Used optimally, compensation is a powerful tool for recruiting, motivating and rewarding your sales team. Used poorly, it can discourage employees and frustrate company strategy.

Fortunately for asset managers, the recent economic downturn provided a unique opportunity to moderate wholesalers' expectations and make important changes to compensation plans.

In August, kasina released a new benchmarking study: "Compensation as a Strategic Management Tool: Aligning Sales & National Accounts with Company Objectives" (

kasina surveyed and interviewed senior executives from mutual fund and insurance firms regarding compensation strategies and trends. Firms are increasingly using differentiated basis points to incent wholesalers to sell across multiple product lines and asset classes. More than half now use a bonus to recognize superior performance on a few clearly communicated criteria. And, 22% of firms use earnings caps to manage sales costs, more than double the 2007 figure.

Many asset managers have made changes to the structure and distribution of wholesalers' variable pay-for example, by reworking external wholesalers' compensation to increase bonuses and cut back on largely ineffectual deferred payments. After all, salespeople want to and deserve to be compensated for current productive activities, even if the results of those are apt to appear longer-term for the firm. Using bonuses to reward these productive activities aligns the efforts of the employee with the longer horizon objectives of the firm better than deferred payments do.

Looking at targets for 2010, wholesalers' base compensation is up slightly, while variable compensation has been reduced. Moreover, to recognize their strategic importance, firms have increased pay for Heads of National Accounts, as well as for Internal Wholesaling Managers and National Sales Managers, acknowledging the importance of having a strong internal team and a seasoned National Sales Manager able to recruit and retain talent. Similarly, Hybrid Wholesalers got a bump in recognition of their value as well.

Yet, despite these positive changes, all firms struggle to balance competing objectives. Firms should use sales compensation as a strategic management tool to accomplish four fundamental corporate goals:

* Acquire new long-term customers and assets

* Nurture loyal customers and retain assets

* Manage risk and expenses in all markets

* Recruit and retain talented sales personnel

While a number of asset managers have made potentially productive adjustments to their compensation plans, many compensation systems as a whole fail to align the sales strategy with these company objectives. In an ever more competitive marketplace, firms need to embrace sales compensation as a strategic management tool to attract and retain great sales people and focus on building profitable relationships by selling a full array of products.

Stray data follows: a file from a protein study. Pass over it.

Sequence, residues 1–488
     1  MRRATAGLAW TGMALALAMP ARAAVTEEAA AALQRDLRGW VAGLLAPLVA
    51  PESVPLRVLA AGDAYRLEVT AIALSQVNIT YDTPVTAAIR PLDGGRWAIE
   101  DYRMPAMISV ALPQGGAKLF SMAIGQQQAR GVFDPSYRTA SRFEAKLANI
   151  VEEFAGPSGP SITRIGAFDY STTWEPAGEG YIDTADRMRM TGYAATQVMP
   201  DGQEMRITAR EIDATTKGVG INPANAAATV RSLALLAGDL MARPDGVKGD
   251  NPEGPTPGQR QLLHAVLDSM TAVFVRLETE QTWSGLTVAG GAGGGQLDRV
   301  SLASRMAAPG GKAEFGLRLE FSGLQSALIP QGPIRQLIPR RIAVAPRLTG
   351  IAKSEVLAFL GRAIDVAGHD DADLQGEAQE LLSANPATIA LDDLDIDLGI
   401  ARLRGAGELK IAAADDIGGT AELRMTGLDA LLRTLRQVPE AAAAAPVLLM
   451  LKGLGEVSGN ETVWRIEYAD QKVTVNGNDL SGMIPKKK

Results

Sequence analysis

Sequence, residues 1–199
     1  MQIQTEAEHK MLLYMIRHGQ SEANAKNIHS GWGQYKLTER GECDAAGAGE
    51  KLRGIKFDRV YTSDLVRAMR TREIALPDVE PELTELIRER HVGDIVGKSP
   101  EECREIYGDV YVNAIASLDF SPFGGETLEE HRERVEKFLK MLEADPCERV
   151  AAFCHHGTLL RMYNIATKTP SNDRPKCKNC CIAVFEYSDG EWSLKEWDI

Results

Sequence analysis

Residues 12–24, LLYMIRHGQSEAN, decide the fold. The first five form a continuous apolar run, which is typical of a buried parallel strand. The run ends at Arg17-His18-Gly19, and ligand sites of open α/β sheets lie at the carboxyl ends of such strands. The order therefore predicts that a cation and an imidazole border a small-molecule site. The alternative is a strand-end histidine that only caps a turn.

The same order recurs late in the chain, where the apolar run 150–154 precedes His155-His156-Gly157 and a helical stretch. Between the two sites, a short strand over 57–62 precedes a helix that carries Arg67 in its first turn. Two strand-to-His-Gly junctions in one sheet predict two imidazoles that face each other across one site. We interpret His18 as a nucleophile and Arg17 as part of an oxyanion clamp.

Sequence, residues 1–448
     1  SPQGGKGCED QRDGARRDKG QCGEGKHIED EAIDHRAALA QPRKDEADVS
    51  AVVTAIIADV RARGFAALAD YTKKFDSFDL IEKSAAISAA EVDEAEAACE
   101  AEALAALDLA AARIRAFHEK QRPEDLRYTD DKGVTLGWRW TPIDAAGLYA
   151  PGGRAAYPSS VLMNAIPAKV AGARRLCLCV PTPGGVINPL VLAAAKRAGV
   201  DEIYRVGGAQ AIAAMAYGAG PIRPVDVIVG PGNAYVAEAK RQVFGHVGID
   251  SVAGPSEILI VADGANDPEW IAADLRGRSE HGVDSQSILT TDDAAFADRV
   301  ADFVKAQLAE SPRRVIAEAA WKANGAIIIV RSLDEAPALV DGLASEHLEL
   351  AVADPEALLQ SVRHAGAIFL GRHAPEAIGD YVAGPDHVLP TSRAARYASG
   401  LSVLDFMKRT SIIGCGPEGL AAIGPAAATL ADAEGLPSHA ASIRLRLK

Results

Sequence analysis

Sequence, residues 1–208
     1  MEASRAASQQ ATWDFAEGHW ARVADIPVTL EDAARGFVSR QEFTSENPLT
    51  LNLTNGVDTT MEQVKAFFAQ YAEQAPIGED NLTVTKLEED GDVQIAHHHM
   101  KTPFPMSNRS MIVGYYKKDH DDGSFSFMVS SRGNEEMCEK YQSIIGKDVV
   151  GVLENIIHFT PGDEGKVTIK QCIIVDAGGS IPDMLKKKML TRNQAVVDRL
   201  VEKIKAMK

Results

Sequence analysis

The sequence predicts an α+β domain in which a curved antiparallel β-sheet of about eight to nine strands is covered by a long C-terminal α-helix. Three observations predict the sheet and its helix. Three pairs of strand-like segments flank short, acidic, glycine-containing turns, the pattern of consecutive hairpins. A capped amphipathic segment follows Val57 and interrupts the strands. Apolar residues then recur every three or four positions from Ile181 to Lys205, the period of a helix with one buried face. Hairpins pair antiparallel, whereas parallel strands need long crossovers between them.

The majority of firms today do not yet:

* Keep their best, most experienced performers motivated with appropriate rewards

* Use compensation components to stabilize pay in all markets

* Measure sales data and activity to determine best opportunities for the firm

* Incent focus on productive advisers and profitable products by using basis points that vary by product, segment, or focus firms

* Use proxies for net sales to manage sales costs

Firms must pay top producers competitively, even if it means eliminating some positions or expanding the responsibilities of others. Otherwise, star salespeople will leave for firms that acknowledge their experience and pay commensurately. Keeping the best people satisfied will ultimately help a firm remain competitive and adaptable to uncertain conditions in the future. To reward intelligently, firms should differentiate pay and bonuses for top performers, ensure adequate compensation in uncertain markets, and aggressively manage low performers out of the organization or into other roles.

Asset management firms often reward sales team members for bottom line gross sales. But, a number of wholesalers and wholesaling managers who maintain a solid approach and work ethic do not achieve sales success over short periods of time because of factors outside their control, such as market forces and product performance. So tying variable compensation exclusively to sales targets with basis point payments can be disheartening.

Instead, effective variable compensation rewards activities that are both important and largely controllable. To that end, firms should tie substantial portions of compensation to bonus pools based on role-specific factors and activities that will be beneficial in the future. For example, external wholesalers should be rewarded for cross-selling activities, client meetings, redemptions or net sales percentage, while rewarding internal wholesalers for phone calls, teamwork, and research and support provided to clients.

Firms that use net sales or a proxy as a factor to calculate a component of variable pay understand that saving a dollar of redemptions is cheaper, easier, and breeds more client loyalty than trying to replace dollars that walk out the door.

While paying on net sales is a clear way to align firm objectives with those of its sales team, many firms are not able to implement this. But firms have other ways to incent the behaviors that retain assets and nurture client loyalty.

Managers can tweak incentives so that wholesalers sell across the product line or focus on those products that are more profitable for the firm. And firms can focus wholesalers on key advisers who exhibit characteristics that will make them more profitable long-term clients of the firm.

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